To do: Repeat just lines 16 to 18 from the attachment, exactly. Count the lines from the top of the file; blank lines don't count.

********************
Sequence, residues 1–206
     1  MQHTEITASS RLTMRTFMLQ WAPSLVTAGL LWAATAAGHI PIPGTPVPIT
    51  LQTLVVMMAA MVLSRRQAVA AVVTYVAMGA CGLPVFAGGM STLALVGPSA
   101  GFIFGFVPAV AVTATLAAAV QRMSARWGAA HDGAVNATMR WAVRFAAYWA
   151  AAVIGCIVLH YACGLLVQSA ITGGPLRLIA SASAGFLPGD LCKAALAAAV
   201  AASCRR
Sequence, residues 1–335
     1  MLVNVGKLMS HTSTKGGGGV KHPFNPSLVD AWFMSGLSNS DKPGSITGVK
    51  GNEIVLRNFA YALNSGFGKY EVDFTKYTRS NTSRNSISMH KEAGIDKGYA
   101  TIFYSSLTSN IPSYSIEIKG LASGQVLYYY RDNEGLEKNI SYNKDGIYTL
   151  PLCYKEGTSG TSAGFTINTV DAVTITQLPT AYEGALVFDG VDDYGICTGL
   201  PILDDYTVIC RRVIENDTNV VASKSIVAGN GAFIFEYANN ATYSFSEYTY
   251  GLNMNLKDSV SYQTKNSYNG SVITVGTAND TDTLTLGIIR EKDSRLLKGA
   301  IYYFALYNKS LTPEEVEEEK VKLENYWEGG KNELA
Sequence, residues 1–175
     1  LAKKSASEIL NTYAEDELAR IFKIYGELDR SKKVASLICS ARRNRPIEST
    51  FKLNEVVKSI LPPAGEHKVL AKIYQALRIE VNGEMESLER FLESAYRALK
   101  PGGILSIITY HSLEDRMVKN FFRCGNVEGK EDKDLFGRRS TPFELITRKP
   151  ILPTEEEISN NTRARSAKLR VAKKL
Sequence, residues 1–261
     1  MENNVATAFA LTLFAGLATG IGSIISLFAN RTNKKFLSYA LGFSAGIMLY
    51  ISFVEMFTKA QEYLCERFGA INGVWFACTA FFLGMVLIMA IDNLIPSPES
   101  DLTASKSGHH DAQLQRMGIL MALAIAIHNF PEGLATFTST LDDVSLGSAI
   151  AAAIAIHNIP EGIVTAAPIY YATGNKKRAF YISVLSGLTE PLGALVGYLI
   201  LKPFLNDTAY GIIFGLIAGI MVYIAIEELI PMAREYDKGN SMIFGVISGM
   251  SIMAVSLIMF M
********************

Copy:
     1  LAKKSASEIL NTYAEDELAR IFKIYGELDR SKKVASLICS ARRNRPIEST
    51  FKLNEVVKSI LPPAGEHKVL AKIYQALRIE VNGEMESLER FLESAYRALK
   101  PGGILSIITY HSLEDRMVKN FFRCGNVEGK EDKDLFGRRS TPFELITRKP